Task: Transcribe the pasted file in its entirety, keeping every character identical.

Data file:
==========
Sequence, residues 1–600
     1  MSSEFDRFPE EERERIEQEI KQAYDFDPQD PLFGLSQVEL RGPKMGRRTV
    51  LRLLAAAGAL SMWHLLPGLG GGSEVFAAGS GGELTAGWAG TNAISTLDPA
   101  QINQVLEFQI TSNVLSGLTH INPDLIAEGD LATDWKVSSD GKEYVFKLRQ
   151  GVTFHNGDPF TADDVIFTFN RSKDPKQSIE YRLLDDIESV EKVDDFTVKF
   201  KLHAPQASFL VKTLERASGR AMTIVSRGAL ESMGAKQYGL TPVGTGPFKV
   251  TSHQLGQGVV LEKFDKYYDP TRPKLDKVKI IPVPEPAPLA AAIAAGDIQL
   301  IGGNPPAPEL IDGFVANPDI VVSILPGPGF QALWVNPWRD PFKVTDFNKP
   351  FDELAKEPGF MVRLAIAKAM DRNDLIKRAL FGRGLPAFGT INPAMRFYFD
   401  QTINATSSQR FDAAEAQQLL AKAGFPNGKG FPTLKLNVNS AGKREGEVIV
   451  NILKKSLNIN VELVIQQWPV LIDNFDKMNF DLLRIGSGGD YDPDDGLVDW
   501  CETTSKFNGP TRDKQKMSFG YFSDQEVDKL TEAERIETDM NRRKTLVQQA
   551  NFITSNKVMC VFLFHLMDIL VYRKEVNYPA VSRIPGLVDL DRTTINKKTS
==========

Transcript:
Sequence, residues 1–600
     1  MSSEFDRFPE EERERIEQEI KQAYDFDPQD PLFGLSQVEL RGPKMGRRTV
    51  LRLLAAAGAL SMWHLLPGLG GGSEVFAAGS GGELTAGWAG TNAISTLDPA
   101  QINQVLEFQI TSNVLSGLTH INPDLIAEGD LATDWKVSSD GKEYVFKLRQ
   151  GVTFHNGDPF TADDVIFTFN RSKDPKQSIE YRLLDDIESV EKVDDFTVKF
   201  KLHAPQASFL VKTLERASGR AMTIVSRGAL ESMGAKQYGL TPVGTGPFKV
   251  TSHQLGQGVV LEKFDKYYDP TRPKLDKVKI IPVPEPAPLA AAIAAGDIQL
   301  IGGNPPAPEL IDGFVANPDI VVSILPGPGF QALWVNPWRD PFKVTDFNKP
   351  FDELAKEPGF MVRLAIAKAM DRNDLIKRAL FGRGLPAFGT INPAMRFYFD
   401  QTINATSSQR FDAAEAQQLL AKAGFPNGKG FPTLKLNVNS AGKREGEVIV
   451  NILKKSLNIN VELVIQQWPV LIDNFDKMNF DLLRIGSGGD YDPDDGLVDW
   501  CETTSKFNGP TRDKQKMSFG YFSDQEVDKL TEAERIETDM NRRKTLVQQA
   551  NFITSNKVMC VFLFHLMDIL VYRKEVNYPA VSRIPGLVDL DRTTINKKTS